In the early days of starting a business, nothing is more important than talking to customers. Serving your customers well means knowing your customers well, and to know your customers well, you need to find answers to some important questions — like what kind of need your product might fill for them, where and how they might come across your product, what might compel them to buy it (or pass it by).
Ideally, you should know all of this before you ever put your product out there. For this week's Starting a Business post (during week three of our current CO.STARTERS at The Skillery cohort's studies), we'll dig into the process of getting to know those answers.
Start by sketching out your ideal customer. How old is he/she? Where does she live? Where does he shop? How many kids does he have? How much free time does she have?
Now go find 20 of these people, and set up some conversations. Twenty conversations over coffee (we always encourage stopping by The Skillery for some Steadfast Coffee) will give you more useful information than just about any other approach to starting a business.
Tips for making the most of those coffee conversations:
Conduct interviews one at a time
Preferably in person. And start by asking your interviewee to be honest — blunt, even — so you can get the most valuable feedback possible.
Know your goals and questions ahead of time.
Ask open-ended questions
If your question can be answered with “yes” or “no,” toss it out. You’re not going to learn enough from asking it. Instead, ask questions that encourage your interviewee to dig deep and talk. I love asking questions that start, “Tell me about a time when…”
Listen, and then listen some more
The focus here is on listening and learning, not selling. Keep your questions short, and don’t rush to fill empty space with talking. Let your interviewee think, and let them speak. Just listen. The more you talk, the less you’re learning.
Dig deeper and confirm what you’ve heard
When appropriate, ask (open-ended) follow-up questions. Trust your instincts, and dig deeper. Listen. Occasionally, confirm what you’ve heard by saying, “So, if I’m hearing you correctly..” and then repeat what they said. This is a good way of actively listening and confirming that you understand. At the same time, you’re building trust because your customer feels listened to and understood.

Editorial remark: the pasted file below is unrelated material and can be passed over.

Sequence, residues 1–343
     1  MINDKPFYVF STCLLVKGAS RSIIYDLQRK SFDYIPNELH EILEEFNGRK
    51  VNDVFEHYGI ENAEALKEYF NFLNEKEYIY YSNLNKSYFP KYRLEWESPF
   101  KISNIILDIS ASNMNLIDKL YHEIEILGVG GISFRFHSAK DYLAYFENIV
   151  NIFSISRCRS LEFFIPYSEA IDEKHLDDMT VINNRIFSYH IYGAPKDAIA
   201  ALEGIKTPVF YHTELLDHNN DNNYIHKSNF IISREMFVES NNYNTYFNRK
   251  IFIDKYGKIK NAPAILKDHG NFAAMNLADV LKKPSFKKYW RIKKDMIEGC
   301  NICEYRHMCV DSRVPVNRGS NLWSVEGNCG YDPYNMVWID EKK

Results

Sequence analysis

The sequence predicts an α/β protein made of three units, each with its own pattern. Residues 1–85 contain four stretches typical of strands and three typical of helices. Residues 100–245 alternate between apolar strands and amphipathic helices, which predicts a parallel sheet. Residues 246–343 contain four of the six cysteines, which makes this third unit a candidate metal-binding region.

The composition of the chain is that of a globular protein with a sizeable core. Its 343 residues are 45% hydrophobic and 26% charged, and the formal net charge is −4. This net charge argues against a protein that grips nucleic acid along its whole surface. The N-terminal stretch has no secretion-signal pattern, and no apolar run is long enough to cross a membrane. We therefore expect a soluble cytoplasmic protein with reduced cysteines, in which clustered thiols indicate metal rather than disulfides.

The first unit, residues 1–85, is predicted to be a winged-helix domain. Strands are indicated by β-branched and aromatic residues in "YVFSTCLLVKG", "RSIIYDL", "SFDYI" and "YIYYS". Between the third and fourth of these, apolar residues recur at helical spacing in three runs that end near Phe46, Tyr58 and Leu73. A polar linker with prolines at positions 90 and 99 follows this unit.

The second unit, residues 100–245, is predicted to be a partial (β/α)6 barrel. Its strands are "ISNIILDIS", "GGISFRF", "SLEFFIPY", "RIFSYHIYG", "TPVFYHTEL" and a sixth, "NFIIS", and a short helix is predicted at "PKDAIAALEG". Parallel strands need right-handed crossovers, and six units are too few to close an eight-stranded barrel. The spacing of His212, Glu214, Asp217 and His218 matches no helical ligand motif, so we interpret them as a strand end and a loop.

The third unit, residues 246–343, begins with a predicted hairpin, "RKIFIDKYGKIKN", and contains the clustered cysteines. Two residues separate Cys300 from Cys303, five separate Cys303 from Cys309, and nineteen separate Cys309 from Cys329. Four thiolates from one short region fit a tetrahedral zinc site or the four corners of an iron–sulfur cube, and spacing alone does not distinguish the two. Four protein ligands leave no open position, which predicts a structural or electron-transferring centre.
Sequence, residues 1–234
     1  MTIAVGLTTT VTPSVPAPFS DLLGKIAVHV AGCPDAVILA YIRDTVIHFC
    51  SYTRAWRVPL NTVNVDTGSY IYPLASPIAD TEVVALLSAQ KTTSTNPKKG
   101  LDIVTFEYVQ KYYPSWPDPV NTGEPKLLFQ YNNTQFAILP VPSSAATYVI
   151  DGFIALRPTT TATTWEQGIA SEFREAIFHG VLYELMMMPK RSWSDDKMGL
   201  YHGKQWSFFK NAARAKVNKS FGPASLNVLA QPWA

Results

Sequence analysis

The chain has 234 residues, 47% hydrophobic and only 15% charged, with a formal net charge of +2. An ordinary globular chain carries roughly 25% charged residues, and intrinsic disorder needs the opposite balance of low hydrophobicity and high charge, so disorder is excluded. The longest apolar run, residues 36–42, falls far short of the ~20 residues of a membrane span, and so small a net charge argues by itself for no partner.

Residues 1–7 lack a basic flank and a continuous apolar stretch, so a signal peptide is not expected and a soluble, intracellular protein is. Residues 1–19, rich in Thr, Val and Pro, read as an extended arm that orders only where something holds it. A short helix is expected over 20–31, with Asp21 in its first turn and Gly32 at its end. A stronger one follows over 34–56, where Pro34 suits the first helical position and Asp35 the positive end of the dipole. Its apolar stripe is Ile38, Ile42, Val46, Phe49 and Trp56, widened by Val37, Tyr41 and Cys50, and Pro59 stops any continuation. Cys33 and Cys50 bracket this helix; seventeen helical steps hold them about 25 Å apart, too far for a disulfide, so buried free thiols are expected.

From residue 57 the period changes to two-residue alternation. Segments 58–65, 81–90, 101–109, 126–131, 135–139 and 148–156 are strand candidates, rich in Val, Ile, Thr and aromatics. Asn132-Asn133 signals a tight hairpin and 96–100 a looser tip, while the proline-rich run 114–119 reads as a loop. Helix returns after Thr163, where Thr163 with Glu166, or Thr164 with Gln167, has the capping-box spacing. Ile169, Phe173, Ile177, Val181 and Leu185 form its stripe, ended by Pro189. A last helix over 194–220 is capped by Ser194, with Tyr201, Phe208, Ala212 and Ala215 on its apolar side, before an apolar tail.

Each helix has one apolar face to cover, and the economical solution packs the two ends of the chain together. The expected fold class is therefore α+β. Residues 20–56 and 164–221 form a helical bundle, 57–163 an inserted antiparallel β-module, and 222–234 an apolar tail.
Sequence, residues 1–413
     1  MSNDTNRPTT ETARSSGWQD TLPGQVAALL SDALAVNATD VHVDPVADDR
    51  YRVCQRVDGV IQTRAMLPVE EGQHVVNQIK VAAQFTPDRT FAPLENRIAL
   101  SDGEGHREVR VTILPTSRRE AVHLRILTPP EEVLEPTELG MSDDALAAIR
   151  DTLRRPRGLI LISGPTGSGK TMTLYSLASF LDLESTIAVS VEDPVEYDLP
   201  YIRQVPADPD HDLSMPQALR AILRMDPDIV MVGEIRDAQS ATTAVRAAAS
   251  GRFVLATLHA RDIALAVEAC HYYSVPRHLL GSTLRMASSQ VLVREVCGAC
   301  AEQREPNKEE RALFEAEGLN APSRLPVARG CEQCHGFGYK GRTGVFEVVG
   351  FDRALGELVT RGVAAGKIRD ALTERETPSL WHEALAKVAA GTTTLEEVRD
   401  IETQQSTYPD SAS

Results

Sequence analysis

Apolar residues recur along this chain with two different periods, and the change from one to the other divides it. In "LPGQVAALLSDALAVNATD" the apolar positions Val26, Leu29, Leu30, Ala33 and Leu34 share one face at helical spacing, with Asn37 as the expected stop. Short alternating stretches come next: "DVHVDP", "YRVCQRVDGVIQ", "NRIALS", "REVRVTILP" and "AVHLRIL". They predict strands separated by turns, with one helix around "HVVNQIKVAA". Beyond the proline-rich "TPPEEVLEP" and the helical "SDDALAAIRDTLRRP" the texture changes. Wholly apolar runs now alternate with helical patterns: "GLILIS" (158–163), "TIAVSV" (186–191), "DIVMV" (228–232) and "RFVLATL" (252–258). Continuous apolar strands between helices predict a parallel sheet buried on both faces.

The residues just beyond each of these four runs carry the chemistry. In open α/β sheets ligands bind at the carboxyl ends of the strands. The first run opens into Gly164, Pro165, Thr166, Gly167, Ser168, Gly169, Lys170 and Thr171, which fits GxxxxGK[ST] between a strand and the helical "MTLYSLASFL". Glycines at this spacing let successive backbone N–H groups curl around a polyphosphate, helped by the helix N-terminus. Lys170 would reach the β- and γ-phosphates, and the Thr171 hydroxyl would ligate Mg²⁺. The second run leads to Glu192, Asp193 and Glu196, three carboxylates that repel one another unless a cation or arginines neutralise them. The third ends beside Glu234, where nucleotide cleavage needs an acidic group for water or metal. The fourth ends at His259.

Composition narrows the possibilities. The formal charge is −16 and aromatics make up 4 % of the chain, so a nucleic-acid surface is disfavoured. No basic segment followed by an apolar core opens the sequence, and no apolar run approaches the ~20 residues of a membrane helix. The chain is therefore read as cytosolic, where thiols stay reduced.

Stay focused on your customer’s problem, not your product
People love to talk about products, features and solutions. Try to bring the conversation back to the customer’s problem. You’re looking for stories about their problem, how they tried to solve their problem, and whether they were successful in doing so. You’re looking for them to tell you about products and services they currently use — your competition. You want to hear about their emotions.
Behavior first; feedback later
In the earliest days of your customer development conversations, you’re trying to understand behavior. You’re not looking for feedback about your brilliant business idea. Not yet. Instead, focus on your interviewee’s problem, and whether (and how) they've tried to solve it in past. Keep your product/service/prototype under wraps for now — you’ll get feedback on that later — and just get to know your customer.
Get ready for disappointment
You’re going to hear things you didn’t expect, and you’re going to hear things you don’t want to hear. And that’s a good thing. It’s all part of the process.
Ask for introductions
Every customer interview should lead to two or three more. Ask for introductions.
After the interview, jot down as many notes as you can think of. Spend five to 10 minutes synthesizing your thoughts and putting them down on paper. By collecting all the feedback you’ve received from potential customers, you’ll be able to look over the big picture of what you’ve learned, and begin formulating your next steps and tweaks based on that feedback.
Got any other tips from successful customer development interviews that you’ve been a part of? Share them in the comments, or tag us on Twitter.
Next week, we’ll talk about getting your business’ name out there.
The Four Steps to the Epiphany, by Steve Blank